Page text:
Saturday, July 22, 2017

About Ethnobotany

How was Camas traditionally harvested and preserved? What plants are good medicine for sore throats and coughs? What kind of wood makes the best canoe paddles or tool handles? Which forest plants make good snacks in the springtime?


Documentation of historical cultural uses of plants in the region traditionally inhabited by the Quinault Indian Nation people and associated Coast Salish people is important to sustain local plant knowledge and values for future generations.

The Quinault Division of Natural Resources is coordinating a multi-year research project that will result in an illustrated booklet for tribal members: Ethnobotany in the Land of the Quinault – Culturally Important Plants and their Uses. This project will provide upcoming generations of tribal members with valuable documentation of the plant-gathering traditions of the Quinault Indian Nation so this knowledge and wisdom persist and thrive into the future. Quinault/Salish plant names will be incorporated into publications to reinforce traditional language and cultural concepts.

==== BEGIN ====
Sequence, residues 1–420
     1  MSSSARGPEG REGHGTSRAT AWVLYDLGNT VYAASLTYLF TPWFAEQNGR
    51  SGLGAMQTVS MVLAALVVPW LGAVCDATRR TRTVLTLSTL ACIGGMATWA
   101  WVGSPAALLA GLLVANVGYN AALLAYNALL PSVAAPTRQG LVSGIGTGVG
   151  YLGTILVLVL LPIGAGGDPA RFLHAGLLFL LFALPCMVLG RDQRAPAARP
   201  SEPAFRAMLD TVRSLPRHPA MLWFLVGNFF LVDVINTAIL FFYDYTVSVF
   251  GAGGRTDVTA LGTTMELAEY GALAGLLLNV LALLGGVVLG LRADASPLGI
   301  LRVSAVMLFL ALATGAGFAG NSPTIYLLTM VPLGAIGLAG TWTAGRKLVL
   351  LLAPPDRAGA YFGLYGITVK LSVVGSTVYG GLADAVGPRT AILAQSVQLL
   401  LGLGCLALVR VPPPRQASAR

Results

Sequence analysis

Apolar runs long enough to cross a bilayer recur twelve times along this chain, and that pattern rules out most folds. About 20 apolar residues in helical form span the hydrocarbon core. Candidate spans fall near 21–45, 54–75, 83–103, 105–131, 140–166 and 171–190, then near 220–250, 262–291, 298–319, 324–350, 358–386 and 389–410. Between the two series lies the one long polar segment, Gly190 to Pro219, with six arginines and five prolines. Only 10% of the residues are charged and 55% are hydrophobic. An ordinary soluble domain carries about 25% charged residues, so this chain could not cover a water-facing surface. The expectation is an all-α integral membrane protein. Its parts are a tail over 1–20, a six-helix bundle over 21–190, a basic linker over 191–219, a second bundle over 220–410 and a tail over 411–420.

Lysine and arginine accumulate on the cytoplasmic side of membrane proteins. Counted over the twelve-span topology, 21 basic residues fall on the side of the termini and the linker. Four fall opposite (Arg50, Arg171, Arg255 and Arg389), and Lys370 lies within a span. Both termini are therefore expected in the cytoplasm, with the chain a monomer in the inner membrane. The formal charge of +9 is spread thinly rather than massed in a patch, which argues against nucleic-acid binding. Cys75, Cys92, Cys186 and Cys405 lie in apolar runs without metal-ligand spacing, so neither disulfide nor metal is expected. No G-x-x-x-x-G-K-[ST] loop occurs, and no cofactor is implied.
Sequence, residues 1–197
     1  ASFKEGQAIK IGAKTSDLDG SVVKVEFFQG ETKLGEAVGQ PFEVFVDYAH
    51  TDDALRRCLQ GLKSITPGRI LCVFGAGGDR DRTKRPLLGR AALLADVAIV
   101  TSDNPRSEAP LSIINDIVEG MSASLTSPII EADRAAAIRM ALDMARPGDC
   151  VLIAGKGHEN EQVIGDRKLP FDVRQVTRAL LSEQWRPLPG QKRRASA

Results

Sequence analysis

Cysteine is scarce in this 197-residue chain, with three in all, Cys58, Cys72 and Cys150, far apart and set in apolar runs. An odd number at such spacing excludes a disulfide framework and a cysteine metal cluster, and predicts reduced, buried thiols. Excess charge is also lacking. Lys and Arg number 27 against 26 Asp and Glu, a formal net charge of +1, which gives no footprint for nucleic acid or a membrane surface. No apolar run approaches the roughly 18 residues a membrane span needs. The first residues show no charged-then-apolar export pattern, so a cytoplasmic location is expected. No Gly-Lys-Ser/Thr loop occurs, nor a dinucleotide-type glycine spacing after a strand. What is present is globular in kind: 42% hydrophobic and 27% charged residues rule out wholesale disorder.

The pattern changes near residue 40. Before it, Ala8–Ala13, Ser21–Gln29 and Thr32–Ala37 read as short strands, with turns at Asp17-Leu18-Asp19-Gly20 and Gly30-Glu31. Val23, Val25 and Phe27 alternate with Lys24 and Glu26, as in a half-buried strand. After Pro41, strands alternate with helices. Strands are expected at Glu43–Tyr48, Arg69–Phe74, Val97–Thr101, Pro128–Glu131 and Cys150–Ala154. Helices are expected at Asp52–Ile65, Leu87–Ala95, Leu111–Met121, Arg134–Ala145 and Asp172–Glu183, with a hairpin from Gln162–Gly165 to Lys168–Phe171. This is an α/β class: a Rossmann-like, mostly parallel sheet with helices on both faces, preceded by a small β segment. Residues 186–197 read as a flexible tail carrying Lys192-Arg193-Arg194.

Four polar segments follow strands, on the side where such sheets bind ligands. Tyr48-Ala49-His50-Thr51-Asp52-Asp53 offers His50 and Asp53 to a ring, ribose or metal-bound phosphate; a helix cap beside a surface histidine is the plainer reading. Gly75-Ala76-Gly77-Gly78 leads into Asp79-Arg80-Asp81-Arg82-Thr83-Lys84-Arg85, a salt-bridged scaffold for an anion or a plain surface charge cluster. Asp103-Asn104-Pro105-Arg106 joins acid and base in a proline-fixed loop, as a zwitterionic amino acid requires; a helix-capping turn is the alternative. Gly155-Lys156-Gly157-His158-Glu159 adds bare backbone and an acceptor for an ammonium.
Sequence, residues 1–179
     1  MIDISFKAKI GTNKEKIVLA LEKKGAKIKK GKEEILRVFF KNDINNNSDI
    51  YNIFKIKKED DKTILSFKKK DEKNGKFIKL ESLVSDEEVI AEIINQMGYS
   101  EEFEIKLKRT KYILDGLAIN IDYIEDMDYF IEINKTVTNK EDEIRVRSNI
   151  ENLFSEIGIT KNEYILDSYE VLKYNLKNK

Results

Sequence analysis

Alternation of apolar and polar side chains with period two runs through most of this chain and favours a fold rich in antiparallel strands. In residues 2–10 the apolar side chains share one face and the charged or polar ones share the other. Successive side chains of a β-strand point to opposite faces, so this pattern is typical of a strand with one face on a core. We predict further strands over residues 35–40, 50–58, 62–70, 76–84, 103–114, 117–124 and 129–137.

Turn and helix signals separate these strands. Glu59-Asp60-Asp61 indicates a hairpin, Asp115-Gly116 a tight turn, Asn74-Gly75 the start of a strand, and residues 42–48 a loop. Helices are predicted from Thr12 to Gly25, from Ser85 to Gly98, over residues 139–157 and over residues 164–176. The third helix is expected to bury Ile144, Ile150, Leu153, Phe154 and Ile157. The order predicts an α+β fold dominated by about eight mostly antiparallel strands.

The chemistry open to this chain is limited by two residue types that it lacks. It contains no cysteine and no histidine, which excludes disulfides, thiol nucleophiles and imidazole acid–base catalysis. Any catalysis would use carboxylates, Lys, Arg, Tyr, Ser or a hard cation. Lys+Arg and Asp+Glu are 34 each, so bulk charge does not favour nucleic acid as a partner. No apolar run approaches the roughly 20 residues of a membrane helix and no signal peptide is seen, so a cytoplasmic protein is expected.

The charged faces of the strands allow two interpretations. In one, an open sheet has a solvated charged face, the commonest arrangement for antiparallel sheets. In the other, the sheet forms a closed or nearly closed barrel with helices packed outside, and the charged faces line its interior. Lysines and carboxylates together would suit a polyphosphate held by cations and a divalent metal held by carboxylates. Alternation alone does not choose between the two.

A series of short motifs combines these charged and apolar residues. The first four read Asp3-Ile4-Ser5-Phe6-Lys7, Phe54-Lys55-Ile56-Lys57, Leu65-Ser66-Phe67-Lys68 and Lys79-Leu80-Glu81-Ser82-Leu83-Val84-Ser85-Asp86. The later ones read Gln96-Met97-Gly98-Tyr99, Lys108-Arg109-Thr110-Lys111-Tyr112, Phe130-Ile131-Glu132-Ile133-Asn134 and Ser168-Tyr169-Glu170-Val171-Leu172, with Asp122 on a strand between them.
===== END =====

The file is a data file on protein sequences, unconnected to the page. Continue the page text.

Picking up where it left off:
Ethnobotanical information will also be used to inform land-use decision-making on the Quinault Indian Nation and is incorporated into the updated QIR Forest Management Plan.

Grants to fund the project have been gratefully received from the National Park Service and the Institute of Museum and Library Services. Additional funding helped to complete the project in 2017.